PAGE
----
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Commissioner shows concern on police guidance on live facial recognition


Mark Say Managing Editor

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Fraser Sampson
Image source: GOV.UK, Open Government Licence v3.0

Recently published guidance for police forces’ use of live facial recognition (LFR) has prompted the government official with oversight of the technology to express his concerns over the contents.

Professor Fraser Sampson, the biometrics and surveillance camera commissioner, has published a response to the authorised professional practice (APP) document produced late last month by the College of Policing.

He said he is glad to see its commitment to lawful and ethical use of LFR – which can identify and raise alerts on individuals in public places – but that he is worried about a handful points.

The College of Policing said the code is aimed at ensuring police forces in England and Wales take a consistent approach to using the technology, and providing an ethical and legal framework.

Among its key points are that: LFR should only be used when less intrusive methods would not achieve the same results; its use has to be targeted and based on intelligence with set times for it to begin and end; images placed on a database must meet a proportionality and necessity criteria and be reviewed with every deployment; police forces should give public notice on the use of LFR; and elected police and crime commissioners should provide oversight.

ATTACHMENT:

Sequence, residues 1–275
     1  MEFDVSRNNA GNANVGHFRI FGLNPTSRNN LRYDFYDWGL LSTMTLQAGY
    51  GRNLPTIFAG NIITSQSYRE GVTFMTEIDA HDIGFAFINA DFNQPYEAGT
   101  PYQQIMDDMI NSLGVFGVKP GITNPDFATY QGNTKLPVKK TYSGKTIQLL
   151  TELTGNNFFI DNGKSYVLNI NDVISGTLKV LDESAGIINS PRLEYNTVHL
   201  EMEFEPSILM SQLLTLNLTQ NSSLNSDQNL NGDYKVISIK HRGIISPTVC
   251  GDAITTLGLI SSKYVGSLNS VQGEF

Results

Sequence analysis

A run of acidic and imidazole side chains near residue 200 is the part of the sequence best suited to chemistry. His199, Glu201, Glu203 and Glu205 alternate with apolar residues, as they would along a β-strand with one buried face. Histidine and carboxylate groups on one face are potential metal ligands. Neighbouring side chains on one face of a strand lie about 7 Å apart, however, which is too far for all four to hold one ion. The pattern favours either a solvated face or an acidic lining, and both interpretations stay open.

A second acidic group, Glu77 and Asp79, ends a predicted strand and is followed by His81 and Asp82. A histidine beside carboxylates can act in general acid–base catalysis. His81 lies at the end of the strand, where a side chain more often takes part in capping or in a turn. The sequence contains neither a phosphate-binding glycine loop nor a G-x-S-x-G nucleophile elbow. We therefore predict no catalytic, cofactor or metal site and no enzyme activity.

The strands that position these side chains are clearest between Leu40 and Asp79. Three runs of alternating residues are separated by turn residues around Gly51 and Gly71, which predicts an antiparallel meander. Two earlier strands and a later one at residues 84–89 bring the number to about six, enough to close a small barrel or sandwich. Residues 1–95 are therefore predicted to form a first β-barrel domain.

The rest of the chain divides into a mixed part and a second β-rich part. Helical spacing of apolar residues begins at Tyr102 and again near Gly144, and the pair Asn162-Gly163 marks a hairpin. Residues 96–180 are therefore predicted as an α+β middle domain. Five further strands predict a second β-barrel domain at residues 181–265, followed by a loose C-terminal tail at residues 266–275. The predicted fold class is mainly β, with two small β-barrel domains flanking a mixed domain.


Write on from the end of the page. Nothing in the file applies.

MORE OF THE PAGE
Finding witnesses worry

Sampson has now responded with areas of concern, including that the apparent intention to use LFR to find potential witnesses is too speculative to be legitimate and proportionate, and could only be justified in exceptional cases such as to prevent a terrorist attack.

He said there need to be clearer distinctions in some of the terminology, such as between an LFR search, a mass screening and a forensic database search, as this is important in how the public understands the APP and its implications.

His statement also raised familiar concerns over potential racial bias in the algorithms underpinning the technology, and that there is a need for strong safeguards when it is used in counter-terrorism with the potential for the use of firearms.

Finally, the police are currently focusing on keeping data safe in regard to the data rights issues, but this should extend to the technology’s wider impact on society. This will be important in building public trust.

Line fishing to trawling

“In summary,” Sampson said, “in moving from a standard police operating model of humans looking for other humans in a crowd to the automated industrialised process of LFR (as some have characterised it, a move from line fishing to deep ocean trawling), how commonplace will it become to be stopped in our cities, transport hubs, outside arenas or school grounds and required to prove our identity?

“The ramifications for our constitutional freedoms in that future are profound.

“Is the status of the UK citizen shifting from our jealously guarded presumption of innocence to that of ‘suspected until we have proved our identity to the satisfaction of the examining officer’? If so, that will require more than an APP from the College of Policing: it will require parliamentary debate.”

He added that that he wants to continue an open dialogue with stakeholders, and that his office is planning to run a mock trial of facial recognition on 14 June.

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